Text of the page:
Although Laura was in the ninth floor hallway this day, she still liked watching the trial on her smartphone with her earphone plugged into one ear. She said that she likes to sit in the hallway because there is less pressure than when she was inside the courtroom. She was very nervous in the courtroom because she was afraid her phone would go off, even though she checked and rechecked that it was powered down. She was also frustrated because she couldn't speak to anyone nor get up to use the bathroom. Yet, she admits that seeing the lawyers, the judge and the jurors first hand is still the best seat in the house.
Next, I also spoke with Holly Ann, a registered nurse originally from Kentucky. Holly is also a Michael Jackson fan, but unlike so many others there, she doesn't have many opportunities to come to the courthouse because of her work schedule. She was not selected in the lottery but she was awarded a standby ticket for the day. If someone leaves and a seat opens up in the courtroom, Holly Ann would be granted to the opportunity for which she woke up at 4 a.m.
As a nurse, Holly Ann is very interested in the case. She remembers working on her shift in a LA emergency room when word come that Michael Jackson was being transported to UCLA hospital. Not knowing any facts, she was appalled when some of her co-workers began to tease Michael Jackson and declare "that's what Wacko Jacko deserves." However, when Michael Jackson was pronounced dead, everyone was sad and confused -- the jeering and teasing ceased almost immediately.
I asked Holly about her experience with propofol. She stated that just the day prior, a 200 pound man was given 60 milligrams of propofol and he was instantly knocked out. What I found wonderfully interesting, is the fact that Michael Jackson's death changed the way propofol is administered in California hospitals. Prior to Michael's death, nurses under the supervision of doctors, could "push" the propofol. Now, according to Holly, ONLY medical doctors can administer propofol. From Holly's 20 years experience as a registered nurse, she knows that Dr. Murray story is not consistent with how propofol works. She asserts that it is impossible for Michael to have acted in a manner consistent with the defense's opening statement. "The whole thing stinks," she said. Holly wants Dr. Murray to go to jail and to have his medical license revoked although a small part of her still feels sorry for him. She concluded, "accidents have consequences."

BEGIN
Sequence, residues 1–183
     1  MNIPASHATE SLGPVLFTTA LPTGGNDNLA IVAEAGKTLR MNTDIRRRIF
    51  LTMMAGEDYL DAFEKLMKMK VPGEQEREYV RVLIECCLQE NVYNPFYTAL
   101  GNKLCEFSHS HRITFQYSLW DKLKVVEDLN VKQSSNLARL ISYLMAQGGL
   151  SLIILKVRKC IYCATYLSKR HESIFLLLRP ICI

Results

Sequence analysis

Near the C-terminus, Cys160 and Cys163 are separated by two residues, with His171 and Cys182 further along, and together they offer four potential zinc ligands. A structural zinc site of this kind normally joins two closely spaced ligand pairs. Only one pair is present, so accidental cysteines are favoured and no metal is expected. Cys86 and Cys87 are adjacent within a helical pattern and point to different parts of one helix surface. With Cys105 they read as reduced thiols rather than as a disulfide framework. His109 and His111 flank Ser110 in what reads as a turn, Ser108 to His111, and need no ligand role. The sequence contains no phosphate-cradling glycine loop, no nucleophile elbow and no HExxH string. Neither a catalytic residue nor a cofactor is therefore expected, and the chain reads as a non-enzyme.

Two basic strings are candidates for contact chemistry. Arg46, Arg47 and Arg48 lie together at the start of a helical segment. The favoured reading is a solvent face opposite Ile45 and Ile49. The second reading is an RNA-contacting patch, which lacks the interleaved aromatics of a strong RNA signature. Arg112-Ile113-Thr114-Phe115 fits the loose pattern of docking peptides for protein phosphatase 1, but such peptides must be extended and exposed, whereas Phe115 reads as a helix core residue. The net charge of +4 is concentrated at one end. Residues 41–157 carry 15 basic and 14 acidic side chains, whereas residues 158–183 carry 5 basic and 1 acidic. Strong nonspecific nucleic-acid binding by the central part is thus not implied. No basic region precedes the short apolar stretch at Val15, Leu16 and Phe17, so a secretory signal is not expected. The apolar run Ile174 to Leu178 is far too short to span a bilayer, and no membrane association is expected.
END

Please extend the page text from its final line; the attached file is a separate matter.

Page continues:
On the Street
The crowd has lessened considerably over the first week. After day one, the police made the wise decision to separate Michael Jackson supporters from the Dr. Murray supporters with the walkway leading to the front doors. They also hung up yellow -- crime-scene-like -- plastic dividers to keep the supporters off of the sidewalk so that pedestrians could pass through. The media presence is still very strong with over 50 cameras on their stands and dozens of bored cameramen waiting until the morning break, lunch or the afternoon break for their on air talent to return.
Unlike day one, when the hordes of supporters waited on the sidewalk for hours with their feet in pain yet not wanting to depart from such a moment in Michael Jackson's continued monumental life story, many of the supporters have established a less painful system of support. Now, they wait outside for the family to arrive. They show their signs, t-shirts and banners to the media hoping to land on television. Then, they hustle inside to gather on the 9th floor until lunch time. Thereafter, they resume their positions behind the yellow plastic divider where they have lunch and wait for the second half of the day's courtroom production starring, Dr. Conrad Murray to begin.